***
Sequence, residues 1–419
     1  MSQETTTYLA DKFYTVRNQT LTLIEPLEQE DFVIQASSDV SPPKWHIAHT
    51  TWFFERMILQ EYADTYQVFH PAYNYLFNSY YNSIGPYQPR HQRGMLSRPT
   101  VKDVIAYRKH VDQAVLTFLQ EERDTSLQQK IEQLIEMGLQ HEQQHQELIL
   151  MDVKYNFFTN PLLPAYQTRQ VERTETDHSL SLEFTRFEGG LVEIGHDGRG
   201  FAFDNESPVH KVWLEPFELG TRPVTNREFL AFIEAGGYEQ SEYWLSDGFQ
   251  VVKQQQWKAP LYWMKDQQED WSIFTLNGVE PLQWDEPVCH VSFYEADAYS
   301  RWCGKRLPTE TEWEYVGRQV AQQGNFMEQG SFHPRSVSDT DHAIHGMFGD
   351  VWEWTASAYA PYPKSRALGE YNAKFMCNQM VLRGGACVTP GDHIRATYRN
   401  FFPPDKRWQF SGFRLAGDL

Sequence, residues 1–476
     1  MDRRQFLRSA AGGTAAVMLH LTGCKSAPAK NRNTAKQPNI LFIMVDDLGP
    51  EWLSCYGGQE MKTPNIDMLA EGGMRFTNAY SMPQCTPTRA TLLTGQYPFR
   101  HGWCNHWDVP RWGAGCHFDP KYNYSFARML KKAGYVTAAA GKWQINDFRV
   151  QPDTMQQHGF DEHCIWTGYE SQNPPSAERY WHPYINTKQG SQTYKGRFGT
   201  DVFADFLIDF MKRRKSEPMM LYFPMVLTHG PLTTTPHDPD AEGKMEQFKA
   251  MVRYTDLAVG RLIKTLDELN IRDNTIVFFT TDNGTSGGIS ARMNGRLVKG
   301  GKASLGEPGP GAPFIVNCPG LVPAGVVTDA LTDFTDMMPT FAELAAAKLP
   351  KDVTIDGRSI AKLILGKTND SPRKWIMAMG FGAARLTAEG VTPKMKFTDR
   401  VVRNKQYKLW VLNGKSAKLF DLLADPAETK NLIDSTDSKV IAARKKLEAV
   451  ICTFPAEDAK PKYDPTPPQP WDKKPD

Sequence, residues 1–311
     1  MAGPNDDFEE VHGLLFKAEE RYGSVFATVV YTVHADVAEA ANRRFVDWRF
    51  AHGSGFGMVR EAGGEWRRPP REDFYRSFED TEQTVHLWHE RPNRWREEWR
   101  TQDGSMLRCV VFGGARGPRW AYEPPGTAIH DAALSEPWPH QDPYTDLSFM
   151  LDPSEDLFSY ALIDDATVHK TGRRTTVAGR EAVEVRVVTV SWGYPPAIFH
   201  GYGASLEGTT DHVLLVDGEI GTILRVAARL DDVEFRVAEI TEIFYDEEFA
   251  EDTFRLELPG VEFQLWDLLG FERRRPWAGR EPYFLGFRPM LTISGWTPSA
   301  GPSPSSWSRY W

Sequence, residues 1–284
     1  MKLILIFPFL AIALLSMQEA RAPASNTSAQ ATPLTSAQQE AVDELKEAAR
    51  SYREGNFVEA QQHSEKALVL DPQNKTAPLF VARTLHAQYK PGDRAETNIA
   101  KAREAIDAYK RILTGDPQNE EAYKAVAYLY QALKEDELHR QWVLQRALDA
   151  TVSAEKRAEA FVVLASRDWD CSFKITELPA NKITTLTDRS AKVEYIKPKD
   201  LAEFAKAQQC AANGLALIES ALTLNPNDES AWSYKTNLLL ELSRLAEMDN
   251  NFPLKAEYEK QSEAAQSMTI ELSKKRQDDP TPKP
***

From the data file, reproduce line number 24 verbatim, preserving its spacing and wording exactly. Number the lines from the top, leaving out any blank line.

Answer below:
    51  AHGSGFGMVR EAGGEWRRPP REDFYRSFED TEQTVHLWHE RPNRWREEWR